@jacekn: my fault I corrected it –  Ralph Jan 6 '12 at 19:55
    
@aweigold you are right, this way the admin has always access -- So one should use a more secure password. -- Anyway this probelm occures with all soultions that use a fixed user name and do not remove them. –  Ralph Jan 6 '12 at 19:56
    
Ultimately, you stated you do not want to use SQL import scripts at set up time... but it may be a good idea for you to reconsider. Liquibase is a good option if you are concerned about the database being platform agnostic, or the script running everytime you start up. –  aweigold Jan 6 '12 at 20:02

The challenge is that I need an ability to log into the application even before the first user is created. In other words, I need to log in as 'admin' to create the 'admin' user.

The way I deal with this problem is to put some smarts into my custom UserDetailsService class and/or its DAO class. When it detects that it has been started with empty user details tables (or something), it initializes them with some user details entries that it reads from a configuration file. This allows you to:

  • load the initial admin account into your production system's user details store
  • load a bunch of test accounts into your test system's user details store for automated unit and system testing.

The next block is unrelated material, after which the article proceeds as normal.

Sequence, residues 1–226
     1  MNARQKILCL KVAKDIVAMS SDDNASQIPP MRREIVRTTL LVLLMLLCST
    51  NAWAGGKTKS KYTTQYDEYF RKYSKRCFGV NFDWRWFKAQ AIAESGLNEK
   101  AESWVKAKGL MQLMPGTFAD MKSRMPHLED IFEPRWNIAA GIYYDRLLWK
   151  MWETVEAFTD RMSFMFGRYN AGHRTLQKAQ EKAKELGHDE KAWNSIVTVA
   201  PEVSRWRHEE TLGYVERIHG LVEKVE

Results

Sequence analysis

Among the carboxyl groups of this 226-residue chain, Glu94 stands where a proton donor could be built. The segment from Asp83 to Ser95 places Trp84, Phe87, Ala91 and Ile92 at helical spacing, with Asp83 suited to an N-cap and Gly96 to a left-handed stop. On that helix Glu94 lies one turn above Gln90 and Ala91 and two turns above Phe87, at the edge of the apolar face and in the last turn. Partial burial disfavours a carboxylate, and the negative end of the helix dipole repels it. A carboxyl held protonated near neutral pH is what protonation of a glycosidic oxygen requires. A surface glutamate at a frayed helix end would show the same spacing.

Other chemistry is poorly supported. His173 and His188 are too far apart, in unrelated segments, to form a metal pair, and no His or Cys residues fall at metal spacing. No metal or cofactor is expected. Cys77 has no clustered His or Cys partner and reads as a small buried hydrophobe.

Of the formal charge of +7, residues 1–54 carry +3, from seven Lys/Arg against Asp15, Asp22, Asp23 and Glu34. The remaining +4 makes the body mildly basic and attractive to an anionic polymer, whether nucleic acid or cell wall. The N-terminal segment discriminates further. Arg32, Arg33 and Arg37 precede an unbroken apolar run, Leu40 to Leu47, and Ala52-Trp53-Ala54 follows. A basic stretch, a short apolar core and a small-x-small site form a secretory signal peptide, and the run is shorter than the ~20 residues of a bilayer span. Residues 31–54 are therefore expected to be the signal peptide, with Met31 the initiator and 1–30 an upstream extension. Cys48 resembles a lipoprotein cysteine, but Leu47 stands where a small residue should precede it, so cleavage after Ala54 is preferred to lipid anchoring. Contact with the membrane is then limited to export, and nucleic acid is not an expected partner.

If that's too much work, just create some SQL statements to insert the relevant rows for the admin command and run them using your database's interactive SQL shell.


Embedding the admin account into your source code is a bad idea because:

  • anyone who can see your sourcecode can see the password (unless you use a hash),
  • it means that you need to modify and recompile the code to change the password, and
  • it means that you'll use the same password in testing and production (unless you add that distinction to your code as well).

These all raise security issues.

share|improve this answer
    
Thanks for your contribution, Stephen. Embedded admin account is only shown here to prove that Spring Security setup is working for me. I don't want people to think I'm struggling with establishing a session. The question clearly states that harcoded account has to go. The choice is between 'smarts' in the UserDetailsService or Spring Security configuration. My preference is for the latter, hence the question. –  jacekn Jan 6 '12 at 5:11